Problems With the Latin Course (Your Worries in the Comments!)

Hello Everybody,

In this post, I want to discuss issues with the Latin course I have so far. Please feel free to add your additions in the comments!

First of all, though, I want to say that I already do speak Latin pretty well. In fact, when I started the Latin course I took a test to jump ahead and apparently I already know 63% of the whole course (not exactly, but you get the idea).

My first issue was the lack of multiple possible answers, however somebody in the comments replied to this and I realized that it wasn't exactly valid to complain about this. (See @LingualLightning's comment).

My second issue is LONG MARKS (or MACRONS). I think everybody will agree, long marks are very, very important. Take a look at this chart from Wikipedia:

Latin Orthography -- IPA (Classical Pronunciation): {a} -- [a], {ā} -- [aː], {e} -- [ɛ], {ē} -- [eː], {i} -- [ɪ], {ī} -- [iː], {o} -- [ɔ], {ō} -- [oː], {u} -- [ʊ], {ū} -- [uː], {y} -- [Y], {ȳ} -- [yː],

If you don’t know how to read the IPA, here’s a link: OR, here’s the page where I got this chart from, it has English approximations included:

As you can see (if know the IPA or have common sense), you should see that long marks don’t just change the length of a vowel, but sometimes its whole pronounciation as well. I understand that it may be hard to type these, but other courses have an easy solution: in languages with accents, you will often see a list of letters that aren’t on a standard keyboard under the typebox. I think everybody who is learning a language with Latin that also uses diacritics knows about this, but if you don’t, please ask me in the comments. Why couldn’t we do something like this for Latin?

Finally, I know how long it takes to make these courses, and how hard it can be, but these are just some of my suggestions. Please don’t regard me as snobby or anything, I just want to help.


Please leave your suggestions in the comments! :D


Please upvote for more people to be able to state their opinion!!!!! :D

[This Article was Initially Written Using GOOGLE DOCS, and then edited again in DUOLINGO FORUM]

August 29, 2019


All courses lack multiple answers when they first get sent to beta, the more people that report alternate answers the sooner they will get fixed.

August 29, 2019

Oh! Great, thank you :)

August 29, 2019

In regards to the lack of accepted answers, I'll add that we are working on it! In particular the problem of lack of accepted word orders, but also missing synonyms. Unfortunately though it takes some time for the changes we make in the Incubator to be active for users (sometimes as long as two weeks), so often we've already fixed something and it just hasn't made its way to the user-side grading yet. Still, please don't assume that something's been fixed, please report it (with the button in the lesson, not in the sentence discussion)! We're not perfect and things always slip through.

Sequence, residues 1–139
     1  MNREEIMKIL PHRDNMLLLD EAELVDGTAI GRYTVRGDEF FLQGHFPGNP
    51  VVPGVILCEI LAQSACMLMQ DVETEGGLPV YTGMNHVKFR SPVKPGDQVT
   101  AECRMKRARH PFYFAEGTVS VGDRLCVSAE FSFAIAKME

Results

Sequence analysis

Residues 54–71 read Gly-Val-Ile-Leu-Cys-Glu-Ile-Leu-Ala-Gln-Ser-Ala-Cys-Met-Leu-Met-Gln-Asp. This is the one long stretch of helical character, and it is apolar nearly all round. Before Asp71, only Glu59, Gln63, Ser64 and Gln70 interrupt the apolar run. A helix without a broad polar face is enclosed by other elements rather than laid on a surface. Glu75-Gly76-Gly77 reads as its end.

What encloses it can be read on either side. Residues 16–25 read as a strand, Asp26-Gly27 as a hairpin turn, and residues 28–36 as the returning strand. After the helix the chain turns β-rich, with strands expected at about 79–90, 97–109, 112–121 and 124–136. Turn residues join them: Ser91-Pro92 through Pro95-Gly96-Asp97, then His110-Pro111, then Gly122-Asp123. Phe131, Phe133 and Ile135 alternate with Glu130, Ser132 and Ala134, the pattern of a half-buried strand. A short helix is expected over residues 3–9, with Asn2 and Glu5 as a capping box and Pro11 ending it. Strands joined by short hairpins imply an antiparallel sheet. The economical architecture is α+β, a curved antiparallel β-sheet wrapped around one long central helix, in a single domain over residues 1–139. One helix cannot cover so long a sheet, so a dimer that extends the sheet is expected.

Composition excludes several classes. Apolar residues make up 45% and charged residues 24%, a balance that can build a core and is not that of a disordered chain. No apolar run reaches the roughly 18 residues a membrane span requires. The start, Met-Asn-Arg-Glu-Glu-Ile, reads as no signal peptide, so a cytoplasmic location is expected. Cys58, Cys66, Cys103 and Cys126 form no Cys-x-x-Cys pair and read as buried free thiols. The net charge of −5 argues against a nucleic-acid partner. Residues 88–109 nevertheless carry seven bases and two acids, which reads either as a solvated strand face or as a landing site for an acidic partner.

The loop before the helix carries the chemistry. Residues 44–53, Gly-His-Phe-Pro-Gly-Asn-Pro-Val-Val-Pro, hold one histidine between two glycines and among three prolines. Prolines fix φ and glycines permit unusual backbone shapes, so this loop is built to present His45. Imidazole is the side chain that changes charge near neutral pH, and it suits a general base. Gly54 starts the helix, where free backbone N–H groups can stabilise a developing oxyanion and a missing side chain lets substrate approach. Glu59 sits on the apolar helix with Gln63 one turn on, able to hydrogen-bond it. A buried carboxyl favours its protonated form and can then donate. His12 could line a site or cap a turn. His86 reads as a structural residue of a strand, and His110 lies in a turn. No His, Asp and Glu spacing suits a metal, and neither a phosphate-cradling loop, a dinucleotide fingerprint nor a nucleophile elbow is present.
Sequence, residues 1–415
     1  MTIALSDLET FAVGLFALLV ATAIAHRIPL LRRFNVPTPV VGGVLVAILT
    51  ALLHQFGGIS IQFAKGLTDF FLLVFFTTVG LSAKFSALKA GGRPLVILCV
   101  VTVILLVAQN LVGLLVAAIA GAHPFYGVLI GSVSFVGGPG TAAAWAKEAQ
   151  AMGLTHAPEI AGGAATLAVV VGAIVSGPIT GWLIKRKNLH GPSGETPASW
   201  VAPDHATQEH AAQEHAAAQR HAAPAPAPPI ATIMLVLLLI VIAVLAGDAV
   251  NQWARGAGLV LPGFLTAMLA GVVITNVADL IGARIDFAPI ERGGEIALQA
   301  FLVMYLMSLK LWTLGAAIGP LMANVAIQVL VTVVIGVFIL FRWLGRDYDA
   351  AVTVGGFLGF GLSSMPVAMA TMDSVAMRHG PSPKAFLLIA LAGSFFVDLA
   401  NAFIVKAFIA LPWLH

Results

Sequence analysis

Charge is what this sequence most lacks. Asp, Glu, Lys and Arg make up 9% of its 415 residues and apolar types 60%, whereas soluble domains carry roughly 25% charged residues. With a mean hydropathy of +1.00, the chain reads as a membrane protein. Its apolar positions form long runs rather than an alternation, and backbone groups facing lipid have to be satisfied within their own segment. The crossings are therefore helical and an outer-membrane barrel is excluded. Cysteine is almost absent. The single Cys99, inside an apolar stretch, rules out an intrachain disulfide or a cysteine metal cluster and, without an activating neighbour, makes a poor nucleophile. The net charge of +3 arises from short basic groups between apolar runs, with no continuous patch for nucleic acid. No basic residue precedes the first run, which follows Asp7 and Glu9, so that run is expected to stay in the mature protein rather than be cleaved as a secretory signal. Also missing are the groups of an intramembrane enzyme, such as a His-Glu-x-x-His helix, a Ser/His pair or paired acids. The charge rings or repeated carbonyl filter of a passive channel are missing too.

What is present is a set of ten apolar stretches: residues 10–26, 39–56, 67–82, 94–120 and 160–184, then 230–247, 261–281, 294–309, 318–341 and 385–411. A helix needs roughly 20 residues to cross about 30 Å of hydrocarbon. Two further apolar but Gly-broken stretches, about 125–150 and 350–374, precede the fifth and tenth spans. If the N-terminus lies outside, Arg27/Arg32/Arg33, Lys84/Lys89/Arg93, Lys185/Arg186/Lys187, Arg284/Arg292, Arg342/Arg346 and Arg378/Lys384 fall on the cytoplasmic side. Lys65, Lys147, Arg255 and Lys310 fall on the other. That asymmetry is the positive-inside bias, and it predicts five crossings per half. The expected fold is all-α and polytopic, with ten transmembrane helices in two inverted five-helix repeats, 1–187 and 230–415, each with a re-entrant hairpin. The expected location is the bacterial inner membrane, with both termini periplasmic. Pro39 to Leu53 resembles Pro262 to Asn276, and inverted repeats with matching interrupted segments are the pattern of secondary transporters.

August 29, 2019

I have a question about certain types synonyms specifically. When the synonym is actually an obviously Latin derived word but is not accepted. For example inebriated vs drunk, climb vs. ascend, irate vs. angry. Will you be adding these as they are reported or is not including them a deliberate choice? Are there a lot of false friends to worry about in Latin?

August 29, 2019

First I should clarify that I'm not an expert in Latin, I'm a temporary contributor helping with the initial flood of reports and my primary role is adding alternative word orders and synonyms that have already been approved by the experts, and I never add a synonym without checking. (In connection to that, I'll note that this isn't really something regular users can do, I'm able to do it because I'm a long-term contributor with a lot of Incubator experience so I know what I'm doing with everything and don't need to be trained)

So what synonyms are accepted isn't really my decision (fortunately!). But it's going to depend on the synonym and how well it actually fits. Many synonyms aren't really exact synonyms and often there's an equivalent word in the other language. But if you feel a particular synonym should be accepted, first check the sentence discussion to see if it's already been discussed, and then report if necessary, and that will remind us to consider it. :)

August 29, 2019

Thanks for answering my question and all your hard work! Will do!

August 29, 2019

Thank you! But what about word order? Sentences like “At night I stand at the altar” and “I stand at the altar” are the same, but only “At night I stand at the altar is recognized.”

August 29, 2019

Report it, if you're sure it's right and the same thing, except for sentences like "He studies and writes.", don't report "He writes and studies." even though it's the same thing, because we want to make sure you know which verb is which!

There's a guide on how to be most helpful in your reporting here. :)

August 29, 2019

A lot of the cognates don't have the same sense as the original Latin.

Frigidus - cold

We brought frigid into English to mean really cold.

August 31, 2019

I am becoming increasingly concerned for the parrot.

August 29, 2019

YASS ikr.. I saw the drunk parrot sentence and was like “wut? Oh god...”

August 29, 2019

What LingualLightning said is exactly right. The more alternate or incorrect answers you suggest or report, the better the course will be. Removing bugs and suggesting improvements is one of the things beta test is for. The developers are already responding to our suggestions, which is really quick work.

Macrons are important, you're right. Like you, I think that they are vital for people who do not already know Latin--that is, for the people who want to learn Latin from Duo. But it may be that the audio will be what the course offers. That is much better than nothing. To see prior discussions about macrons for Latin, and there has been quite a few, a search such as Latin macron will find some for you.

August 29, 2019

Unfortunately the audio (where I even got any) gets the vowel length completely wrong.

September 1, 2019

My second issue is LONG MARKS. I think everybody will agree, long marks are very, very important. Take a look at this chart from Wikipedia: